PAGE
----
Reviewed by Dr Kathleen Huxley
The poignant title of this new collection of essays by Robert Manne, Australia’s acclaimed intellectual, emeritus professor of politics and well-known journalist, refers to the very touching and personal first chapter of the book. Diagnosed in 2016 with throat cancer that necessitated extensive surgery and a laryngectomy, Manne conveys a very detailed and challenging account of how he feels about living ‘on borrowed time’. He expresses the irony and frustration he feels in moving from a life where verbal communication was his major strength to one where this ability is now greatly diminished. His emotional account of diagnosis, treatment and prognosis is treated with humour and particularly with compassion for those around him when he notes that ‘I have learned that there is almost nothing more precious in this world than the love of family and friends’.
The book title also has significance with regard to the subject matter of the collection of essays which make up the rest of the book. If we simply add a few words and a question mark it can then pose the question: are we all living on borrowed time? Subjects pertinent to this query are presented in theme or topic headings which include ‘Climate Change’, ‘The Murdoch Empire’, ‘Australian Politics’, ‘Australia and Asylum Seekers’, ‘Australian History’, ‘The United States’, ‘The Islamic State’ and ‘The University’. In the majority of topics there are a group of relevant essays concerning the subject at hand. For example, in ‘Climate Change’ we are presented with several narratives including the historical context, the explanation of our failure, the thoughts and ideas of Naomi Klein and Jonathan Franzen and a piece of writing on the political reading of the issues.
On the topic of ‘Australia and Asylum seekers’, Manne’s account presents us with a detailed historical and political context which seeks to present the origins of current thinking on the previously unthinkable idea that ‘Australia would create the least asylum seeker-friendly institutional arrangements in the world’. His exposition of the formulation of this thinking is illustrated in two main ways; analytical narrative and complementary general lines of explanation. These two ways are not alternatives but merely an approach which sheds light on why and how the ‘general reasons took the shape it did’. The author feels that the harsh anti-asylum seeker policy has developed and is maintained by ‘an irrational but consensual mindset that has Canberra in its grip: the conviction that even one concession to human kindness will send a message to the people smugglers and bring the whole system down’.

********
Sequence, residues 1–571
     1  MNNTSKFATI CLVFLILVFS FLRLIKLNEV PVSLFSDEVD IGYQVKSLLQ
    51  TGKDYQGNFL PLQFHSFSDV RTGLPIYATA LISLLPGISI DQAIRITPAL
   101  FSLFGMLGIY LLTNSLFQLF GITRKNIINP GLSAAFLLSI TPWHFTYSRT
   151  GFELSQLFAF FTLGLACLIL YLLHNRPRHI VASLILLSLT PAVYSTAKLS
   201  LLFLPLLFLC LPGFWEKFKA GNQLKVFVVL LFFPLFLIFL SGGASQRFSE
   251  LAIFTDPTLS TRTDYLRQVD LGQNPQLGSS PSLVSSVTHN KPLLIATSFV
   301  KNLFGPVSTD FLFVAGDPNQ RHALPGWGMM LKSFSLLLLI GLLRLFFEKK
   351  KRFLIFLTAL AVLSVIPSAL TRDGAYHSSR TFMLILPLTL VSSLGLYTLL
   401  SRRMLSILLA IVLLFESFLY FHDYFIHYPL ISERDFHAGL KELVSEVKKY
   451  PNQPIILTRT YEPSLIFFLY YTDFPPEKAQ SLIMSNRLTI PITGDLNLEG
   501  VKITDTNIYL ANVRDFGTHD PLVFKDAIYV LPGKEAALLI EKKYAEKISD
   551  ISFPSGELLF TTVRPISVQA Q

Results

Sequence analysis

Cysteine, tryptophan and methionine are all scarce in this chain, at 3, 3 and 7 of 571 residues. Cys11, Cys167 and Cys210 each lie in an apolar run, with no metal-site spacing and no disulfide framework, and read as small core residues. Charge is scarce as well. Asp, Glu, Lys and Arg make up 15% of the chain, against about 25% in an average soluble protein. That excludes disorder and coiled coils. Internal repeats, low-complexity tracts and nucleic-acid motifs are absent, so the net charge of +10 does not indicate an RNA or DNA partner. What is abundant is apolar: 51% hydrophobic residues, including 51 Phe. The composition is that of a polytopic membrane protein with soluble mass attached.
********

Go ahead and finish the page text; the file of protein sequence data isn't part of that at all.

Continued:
The topic of the ‘United States’ is also a very interesting read that begins with an essay entitled ‘Julian Assange: Alex Gibney’, followed by essays on ‘The Snowden files’, ‘Donald Trump’s victory’, ‘The Muscovian Candidate?’ and finishing with ‘Julian Assange: Laura Poitras’. Central to the essays are the confirmed and unconfirmed conspiracy theories that abound in relation to Donald Trump and his victory in becoming president of the United States. Confusion seems to be the key word in all the accounts of spying, posturing and international espionage and manipulation. No aspect of these convoluted events and issues appears to be candid, open or direct with Manne himself asserting that ‘nothing concerning Assange is straightforward’. It appears that none of the characters in the story are straightforward with allegiances and alliances shifting constantly. The French expression “plus ça change, plus c’est la même chose”—”the more it changes, the more it’s the same thing” comes to mind when reading and considering the events and people. Manne’s conclusion regarding Trump and the role of WikiLeaks, Assange, specific journalists, the media and all the other actors in this ‘show’ is that ‘a revolutionary movement born of idealism and the hope of creating a better world has thus ended by assisting the election of the most dangerous President in the history of the United States’.
This book which was a pleasure to read is an extremely well-written compilation of essays which, whilst being polemic at times, offers detailed vision into some of the most important political issues of our times. The current political climates we live in are exposed and debated with insight and in-depth research whilst opinion is discussed thoughtfully and with reflection. Some of the most important and pertinent Australian and global issues of our time are discussed intelligently with forceful arguments made. The very personal story is candid and touching in its openness and serves to remind of us of our own mortality as individuals and the informative essays remind us of our vulnerability as members of our emerging global society.
By Dr Kathleen Huxley
Imprint: Black Inc.